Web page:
I didn't give up completely though. I decided to turn on Sky Sports - it wouldn't hurt so much seeing the goals going in on there - you wouldn't hear the Cobblers fans celebrating.
Not only that but I could flick over regularly to monitor Arsenal's amazing attempt to overturn a 4-0 deficit to AC Milan in the Champions League. They were already 2-0 up.
As the evening wore on, though, a strange thing happened. Rovers didn't concede any more goals.
Over the last two seasons, conceding three goals in the first 20 minutes would have led to losing by a cricket score by the final whistle.
Instead, with 25 minutes left, midfielder Craig Stanley grabbed his first goal for the club. 3-1.
Arsenal meanwhile were 3-0 up ... if they could pull off the impossible then we could certainly come back against the team lying bottom of the entire football league.
86 minutes gone ... and it's 3-2. Lee Brown capitalises after Chris Zebroski is brought down in the penalty area to hammer home the spot kick.
And then comes an agonising eight minutes or so, until the final score flashes up. Northampton 3, Bristol Rovers 2.
A bad night. But not as bad as it could have been.
And at least we can be proud of a team that is prepared to put up a fight - not surrender meekly in the face of adversity.
Still, we can't afford to repeat that early lapse in our next game - at home to promotion-chasing Torquay on Saturday.

Thursday, 1 March 2012


IN the manner of all good journalists I can't reveal my sources (and I hope Lord Leveson isn't watching former News of the World journalists too closely) but I happened to come across a transcript from a Football League boardroom this week.
It went something like this...
FINANCE DIRECTOR: I've no wish to pour gloom on proceedings gentlemen but I thought I had better bring something to your attention.
DIRECTOR NO. 2: Surely there can't be much to upset us old chap. I mean... we've bought in a number of really top players during the summer, have established a squad to be proud of, have reappointed the manager who was so impressive for us before he decided to leave us for greener pastures and are now pushing for the play-offs.
FINANCE DIRECTOR: Yes, mmm, I realise that... the problem is that all this has had a rather substantial impact on our wage bill. Not only that but our average attendances of just over 4,000, paying their entrance fee of £20 a time at the turnstyles, doesn't exactly cover the wages of all these top players as well as the top-notch manager and his staff. And don't forget we had to pay substantial compensation to the bloke who went before him AND his assistant.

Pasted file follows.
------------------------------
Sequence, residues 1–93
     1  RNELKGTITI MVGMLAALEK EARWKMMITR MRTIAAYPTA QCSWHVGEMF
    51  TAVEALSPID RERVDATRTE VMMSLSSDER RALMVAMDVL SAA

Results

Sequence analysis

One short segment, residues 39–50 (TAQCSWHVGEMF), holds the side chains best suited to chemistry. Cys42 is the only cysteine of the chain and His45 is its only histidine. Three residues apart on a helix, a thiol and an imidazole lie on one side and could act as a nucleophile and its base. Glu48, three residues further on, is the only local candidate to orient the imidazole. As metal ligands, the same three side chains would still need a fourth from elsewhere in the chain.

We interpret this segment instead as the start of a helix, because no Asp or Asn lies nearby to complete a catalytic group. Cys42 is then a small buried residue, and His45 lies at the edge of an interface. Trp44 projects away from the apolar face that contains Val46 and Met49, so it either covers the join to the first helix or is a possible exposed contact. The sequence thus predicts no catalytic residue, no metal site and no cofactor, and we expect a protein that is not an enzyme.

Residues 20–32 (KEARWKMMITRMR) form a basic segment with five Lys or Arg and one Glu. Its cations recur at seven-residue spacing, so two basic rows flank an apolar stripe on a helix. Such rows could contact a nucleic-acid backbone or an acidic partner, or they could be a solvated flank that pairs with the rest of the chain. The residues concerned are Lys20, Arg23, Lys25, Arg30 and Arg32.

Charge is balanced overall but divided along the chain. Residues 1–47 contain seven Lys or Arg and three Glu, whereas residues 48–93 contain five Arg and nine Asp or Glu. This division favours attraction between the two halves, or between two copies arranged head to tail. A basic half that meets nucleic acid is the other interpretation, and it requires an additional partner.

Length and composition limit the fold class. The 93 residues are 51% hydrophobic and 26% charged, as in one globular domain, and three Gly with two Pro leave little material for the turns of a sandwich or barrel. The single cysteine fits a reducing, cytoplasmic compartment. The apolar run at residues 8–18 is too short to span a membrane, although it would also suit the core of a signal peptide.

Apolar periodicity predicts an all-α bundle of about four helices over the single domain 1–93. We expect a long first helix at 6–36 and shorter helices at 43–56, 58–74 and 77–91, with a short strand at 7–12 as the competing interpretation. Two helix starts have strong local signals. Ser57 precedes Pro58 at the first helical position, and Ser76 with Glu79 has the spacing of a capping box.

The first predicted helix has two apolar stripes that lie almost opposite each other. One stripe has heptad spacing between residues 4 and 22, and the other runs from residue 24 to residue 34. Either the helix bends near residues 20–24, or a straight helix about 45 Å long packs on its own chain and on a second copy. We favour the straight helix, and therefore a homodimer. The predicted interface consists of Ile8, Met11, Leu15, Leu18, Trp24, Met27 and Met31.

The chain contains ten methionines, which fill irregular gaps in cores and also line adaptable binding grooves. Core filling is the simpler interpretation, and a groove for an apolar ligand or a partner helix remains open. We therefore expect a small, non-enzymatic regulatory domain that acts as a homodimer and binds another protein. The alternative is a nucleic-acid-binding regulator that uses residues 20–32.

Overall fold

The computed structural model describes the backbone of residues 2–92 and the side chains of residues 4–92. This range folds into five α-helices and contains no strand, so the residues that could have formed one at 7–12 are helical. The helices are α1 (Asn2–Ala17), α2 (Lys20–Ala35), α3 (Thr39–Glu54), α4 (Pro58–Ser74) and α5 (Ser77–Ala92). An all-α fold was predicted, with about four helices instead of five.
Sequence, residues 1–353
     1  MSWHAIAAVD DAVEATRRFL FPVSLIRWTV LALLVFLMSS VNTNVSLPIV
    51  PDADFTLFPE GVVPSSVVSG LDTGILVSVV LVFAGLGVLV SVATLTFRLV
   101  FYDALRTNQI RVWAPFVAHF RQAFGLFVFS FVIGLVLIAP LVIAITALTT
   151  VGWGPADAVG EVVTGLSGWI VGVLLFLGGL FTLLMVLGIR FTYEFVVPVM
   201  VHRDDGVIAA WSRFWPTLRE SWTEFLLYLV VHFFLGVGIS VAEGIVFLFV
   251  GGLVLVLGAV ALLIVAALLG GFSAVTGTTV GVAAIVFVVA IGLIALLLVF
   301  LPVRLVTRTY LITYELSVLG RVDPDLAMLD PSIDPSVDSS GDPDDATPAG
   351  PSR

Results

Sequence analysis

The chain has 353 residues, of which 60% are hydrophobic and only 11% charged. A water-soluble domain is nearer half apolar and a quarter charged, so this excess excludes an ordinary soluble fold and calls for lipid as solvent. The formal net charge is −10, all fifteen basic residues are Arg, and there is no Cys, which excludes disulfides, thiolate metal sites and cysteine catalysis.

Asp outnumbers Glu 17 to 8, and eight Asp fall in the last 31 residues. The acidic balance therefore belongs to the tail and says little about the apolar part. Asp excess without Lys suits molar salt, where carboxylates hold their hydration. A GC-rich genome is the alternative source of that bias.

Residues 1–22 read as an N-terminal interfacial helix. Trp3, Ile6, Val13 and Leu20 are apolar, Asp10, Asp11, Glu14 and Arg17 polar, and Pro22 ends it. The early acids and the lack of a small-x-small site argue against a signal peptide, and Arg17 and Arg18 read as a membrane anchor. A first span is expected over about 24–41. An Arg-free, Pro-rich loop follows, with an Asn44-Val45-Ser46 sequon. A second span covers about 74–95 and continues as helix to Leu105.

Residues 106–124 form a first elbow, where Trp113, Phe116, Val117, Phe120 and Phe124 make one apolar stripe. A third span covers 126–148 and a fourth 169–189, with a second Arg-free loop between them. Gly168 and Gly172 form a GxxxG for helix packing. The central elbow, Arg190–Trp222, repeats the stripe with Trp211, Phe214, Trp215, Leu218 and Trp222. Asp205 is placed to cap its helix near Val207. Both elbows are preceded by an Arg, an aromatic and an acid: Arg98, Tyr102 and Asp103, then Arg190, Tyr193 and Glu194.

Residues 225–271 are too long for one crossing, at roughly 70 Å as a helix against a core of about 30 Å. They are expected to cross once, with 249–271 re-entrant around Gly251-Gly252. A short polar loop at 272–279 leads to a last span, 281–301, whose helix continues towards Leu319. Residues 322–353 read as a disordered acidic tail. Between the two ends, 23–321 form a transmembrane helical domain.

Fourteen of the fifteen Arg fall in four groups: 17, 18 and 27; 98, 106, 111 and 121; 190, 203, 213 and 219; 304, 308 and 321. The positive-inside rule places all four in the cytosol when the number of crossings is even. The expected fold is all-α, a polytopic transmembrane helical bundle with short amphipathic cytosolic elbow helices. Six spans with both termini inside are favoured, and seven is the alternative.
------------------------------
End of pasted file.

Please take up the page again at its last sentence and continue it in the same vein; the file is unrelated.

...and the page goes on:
DIRECTOR NO 2: Hmm, I see your point.
CHAIRMAN: So, um, how bad is it? And what can we do about it?
FINANCIAL DIRECTOR: I'm afraid to say, your majesty, that we are talking about a fair few million.
CHAIRMAN: Can we hang on until we get promoted, hopefully via the playoffs, and get a nice tidy sum from the gate plus the cash for going up? If need be we could melt down that nice silver cup they give you, too, and put a cheap replacement in the cabinet...
FINANCIAL DIRECTOR: It's a bit of a gamble and I am not sure if we could do that PLUS pay all our bills til the end of the season.
DIRECTOR NO 2 (face lighting up and lightbulb flashing on above his head): Hey, wait a goddamn minute. What if we actually delayed paying our tax? Those buggers at the revenue have far more things to tax themselves than little us, if you'll pardon the pun... and that would give us the leeway to see the season through, win promotion via the playoffs, sell all the players who got us there, get a nice little bit of compensation when a bigger club poaches our manager AND melt down the trophy, replacing it with a cheap imitation.